PRLog - Sep. 7, 2012 - In further negotiations with Sony Pictures for a 3-part series, author Barbara Reed and her publicist John Byrnes (John Byrnes & Assoc.) are now considering proposals from interested producers. Several characteristics make this project unique, most notably the opportunity to release commercial songs performed in the movies to the mainstream marketplace.
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With a lifelong career as a singer-songwriter, Reed writes the highly acclaimed Liz Hanlon series with authority and know-how, giving a bird's eye view of the modern music business to viewers, and making them wish they were having as much fun as Liz.
ABOUT The Liz Hanlon mysteries and HIT music . . .
Just when you thought you’d reached your dream reality brings you back with a jolt.
Singer-songwriter Liz Hanlon is feisty, headstrong, and has no trouble speaking her mind. With chestnut brown hair, a captivating smile, and a trim figure she maintains by jogging, she can turn heads when she enters a room, but it’s usually her cobalt-blue eyes that people remember. She’s exceptionally talented, able to deliver the songs she writes with the polish and presence of the accomplished musician that she is. She’s been chasing her dream in the music business since childhood, but in this series she does it while facing life-threatening situations that sometimes force her to re-examine her previously held view of right and wrong.
On occasion, her sardonic wit causes raised eyebrows and dropped jaws. She was determined to become a fulltime musician even when others told her she was crazy. Don’t set your sights so high, they’d say. Have another career and play music on the side. She ignored their advice; music was her life. “It’
Protagonist Liz experiences every musical situation imaginable. When the series starts in "High Notes Are Murder," she’s stuck in low-paying piano-dump gigs, where she receives chilling notes from a stalker who claims her beautiful music is too good for others. He plans to take her away where she will spend the rest of her life performing only for him. With the search for the stalker ongoing, Liz is suddenly offered a chance for international fame by headlining live TV concerts. The notes stop; the stalker seemingly disappears. Then, hours before the first show, she discovers the body of her young cousin at the foot of the stage. With help from an eccentric investigator, Liz identifies the killer, also connecting him to a music business scandal from twenty-five year ago. But her revelation creates another problem. Revealing the killer’s identity connects her favorite uncle to the same scandal. Her family name, as well as her own, could be ruined. With her career in its budding stage, can it withstand such a connection?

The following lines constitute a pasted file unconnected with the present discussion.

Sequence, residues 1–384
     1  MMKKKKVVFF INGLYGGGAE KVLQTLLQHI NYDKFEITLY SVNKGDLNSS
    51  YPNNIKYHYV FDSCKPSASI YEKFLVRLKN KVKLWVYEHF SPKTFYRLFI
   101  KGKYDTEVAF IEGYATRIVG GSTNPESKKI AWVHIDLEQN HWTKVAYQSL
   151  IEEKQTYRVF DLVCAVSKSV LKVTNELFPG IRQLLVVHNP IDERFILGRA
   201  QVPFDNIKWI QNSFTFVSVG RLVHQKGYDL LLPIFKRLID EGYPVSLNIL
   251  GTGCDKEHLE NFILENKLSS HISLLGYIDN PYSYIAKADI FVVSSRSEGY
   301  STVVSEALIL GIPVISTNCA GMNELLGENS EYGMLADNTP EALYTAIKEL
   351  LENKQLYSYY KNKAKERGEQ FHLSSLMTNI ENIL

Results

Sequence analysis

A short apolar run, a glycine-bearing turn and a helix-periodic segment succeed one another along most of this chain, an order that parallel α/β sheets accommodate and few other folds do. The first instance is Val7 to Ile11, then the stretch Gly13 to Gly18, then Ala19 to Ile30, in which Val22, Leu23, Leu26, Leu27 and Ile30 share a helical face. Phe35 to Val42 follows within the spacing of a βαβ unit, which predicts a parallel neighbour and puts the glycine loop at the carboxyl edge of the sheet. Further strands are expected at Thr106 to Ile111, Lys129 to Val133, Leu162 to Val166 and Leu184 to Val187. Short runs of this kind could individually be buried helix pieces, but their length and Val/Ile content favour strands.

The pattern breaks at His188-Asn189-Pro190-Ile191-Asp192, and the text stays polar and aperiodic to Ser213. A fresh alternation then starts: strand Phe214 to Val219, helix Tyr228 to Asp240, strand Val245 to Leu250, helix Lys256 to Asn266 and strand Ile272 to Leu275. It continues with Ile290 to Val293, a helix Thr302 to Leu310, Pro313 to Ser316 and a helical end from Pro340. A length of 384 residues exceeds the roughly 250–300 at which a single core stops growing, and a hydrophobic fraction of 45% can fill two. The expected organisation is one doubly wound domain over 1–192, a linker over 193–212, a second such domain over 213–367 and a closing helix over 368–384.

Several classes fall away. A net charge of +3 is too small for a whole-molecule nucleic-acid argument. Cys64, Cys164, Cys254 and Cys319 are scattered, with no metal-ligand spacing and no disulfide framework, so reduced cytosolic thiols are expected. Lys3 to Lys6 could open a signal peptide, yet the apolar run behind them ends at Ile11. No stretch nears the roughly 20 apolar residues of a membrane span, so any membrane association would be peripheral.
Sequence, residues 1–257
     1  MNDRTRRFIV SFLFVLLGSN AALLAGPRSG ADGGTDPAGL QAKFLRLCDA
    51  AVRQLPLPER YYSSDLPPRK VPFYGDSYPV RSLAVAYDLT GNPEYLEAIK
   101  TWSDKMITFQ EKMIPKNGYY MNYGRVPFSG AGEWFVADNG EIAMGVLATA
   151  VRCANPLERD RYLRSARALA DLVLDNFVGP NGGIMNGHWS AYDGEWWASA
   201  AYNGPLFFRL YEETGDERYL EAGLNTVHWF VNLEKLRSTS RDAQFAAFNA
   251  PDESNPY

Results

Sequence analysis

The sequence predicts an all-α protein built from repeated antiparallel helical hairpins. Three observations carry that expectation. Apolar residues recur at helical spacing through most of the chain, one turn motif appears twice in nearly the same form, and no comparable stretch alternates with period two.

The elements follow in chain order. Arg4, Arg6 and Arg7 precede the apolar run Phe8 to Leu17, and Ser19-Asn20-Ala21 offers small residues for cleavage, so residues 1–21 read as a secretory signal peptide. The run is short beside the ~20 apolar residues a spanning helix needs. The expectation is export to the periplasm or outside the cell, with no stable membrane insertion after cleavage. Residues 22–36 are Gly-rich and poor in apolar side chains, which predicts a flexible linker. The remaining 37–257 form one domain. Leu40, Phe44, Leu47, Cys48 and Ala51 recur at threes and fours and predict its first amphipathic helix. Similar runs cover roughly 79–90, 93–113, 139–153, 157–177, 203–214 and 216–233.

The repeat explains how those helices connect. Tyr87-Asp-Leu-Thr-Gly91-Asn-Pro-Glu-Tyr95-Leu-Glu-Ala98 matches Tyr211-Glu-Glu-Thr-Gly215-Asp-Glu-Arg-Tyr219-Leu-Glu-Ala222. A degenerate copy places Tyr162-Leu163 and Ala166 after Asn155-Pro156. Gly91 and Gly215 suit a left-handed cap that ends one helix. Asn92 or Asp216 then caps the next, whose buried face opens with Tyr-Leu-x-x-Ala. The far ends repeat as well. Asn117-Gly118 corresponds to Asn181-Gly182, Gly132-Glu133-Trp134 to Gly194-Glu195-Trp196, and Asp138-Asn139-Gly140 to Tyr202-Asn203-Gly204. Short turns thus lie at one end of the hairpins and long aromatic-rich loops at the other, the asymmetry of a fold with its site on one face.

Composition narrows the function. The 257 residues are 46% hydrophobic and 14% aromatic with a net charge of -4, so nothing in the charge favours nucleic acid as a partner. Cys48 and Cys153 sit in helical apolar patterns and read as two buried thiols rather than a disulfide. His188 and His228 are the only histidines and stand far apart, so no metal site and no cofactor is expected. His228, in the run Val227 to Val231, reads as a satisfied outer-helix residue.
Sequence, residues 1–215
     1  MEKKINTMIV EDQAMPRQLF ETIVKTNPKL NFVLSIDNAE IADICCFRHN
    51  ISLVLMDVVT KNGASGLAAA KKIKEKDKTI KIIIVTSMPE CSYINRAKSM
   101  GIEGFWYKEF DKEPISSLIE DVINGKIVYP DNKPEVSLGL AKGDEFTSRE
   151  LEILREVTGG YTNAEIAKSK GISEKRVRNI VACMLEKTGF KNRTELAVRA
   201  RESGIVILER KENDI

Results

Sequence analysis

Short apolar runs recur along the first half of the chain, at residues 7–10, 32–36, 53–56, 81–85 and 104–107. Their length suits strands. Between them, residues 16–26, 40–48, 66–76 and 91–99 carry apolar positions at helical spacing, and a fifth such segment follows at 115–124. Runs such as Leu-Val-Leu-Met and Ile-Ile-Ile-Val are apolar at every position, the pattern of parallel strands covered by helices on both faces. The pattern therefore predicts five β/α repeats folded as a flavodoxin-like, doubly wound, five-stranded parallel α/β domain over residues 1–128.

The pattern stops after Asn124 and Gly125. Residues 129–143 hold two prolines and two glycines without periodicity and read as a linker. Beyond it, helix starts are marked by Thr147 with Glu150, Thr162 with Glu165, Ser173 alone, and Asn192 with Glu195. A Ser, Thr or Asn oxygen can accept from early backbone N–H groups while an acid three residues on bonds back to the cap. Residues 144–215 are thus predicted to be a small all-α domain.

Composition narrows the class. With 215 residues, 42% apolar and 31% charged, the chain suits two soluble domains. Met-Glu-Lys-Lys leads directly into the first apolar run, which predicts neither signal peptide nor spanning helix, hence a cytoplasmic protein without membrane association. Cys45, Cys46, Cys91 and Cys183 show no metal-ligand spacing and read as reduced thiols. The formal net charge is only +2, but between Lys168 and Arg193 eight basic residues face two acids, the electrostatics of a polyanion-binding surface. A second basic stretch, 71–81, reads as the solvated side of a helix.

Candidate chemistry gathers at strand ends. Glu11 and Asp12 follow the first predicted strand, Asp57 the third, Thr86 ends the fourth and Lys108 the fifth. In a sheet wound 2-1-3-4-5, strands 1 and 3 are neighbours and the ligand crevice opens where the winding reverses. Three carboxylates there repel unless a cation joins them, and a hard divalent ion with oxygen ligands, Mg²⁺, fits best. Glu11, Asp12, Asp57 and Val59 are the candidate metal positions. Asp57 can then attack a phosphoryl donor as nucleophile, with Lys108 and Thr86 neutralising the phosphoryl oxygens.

"Harmonic Deception" begins on the star-studded night of Liz’s first CD release party. Her performance could make her career, and the night is magical until three teenage girls in outlandish disguises burst into the LA nightclub with assault weapons. Within minutes, two hundred patrons are held hostage, stripped of their cell phones and valuables. One man is dead, two others wounded. There seems no way out until Liz improvises a musical code and shouts it to her band mates who are hiding behind the stage curtain. The code triggers a call to 9-1-1 forcing the girls into an unplanned getaway, but not before the shooter snaps belligerent remarks that convince Liz this crime is personal and she is the target.
Desperate to expose the shooter before she attacks again, Liz seeks help from an eccentric investigator and her brother, an attorney, but neither they nor the police detectives believe the crime was personal. Her career is on hold and she worries that another hint of scandal could destroy her fragile career. She must find this killer. But why would a stranger want to ruin her?
Clues lead to the gang’s shooter and Liz sets up a trap. In a pre-dawn stand-off, she wrestles with her growing desire for revenge, finally shooting in self-defense. It would appear to be over, but an unresolved issue from the past comes to light and it changes everything . . .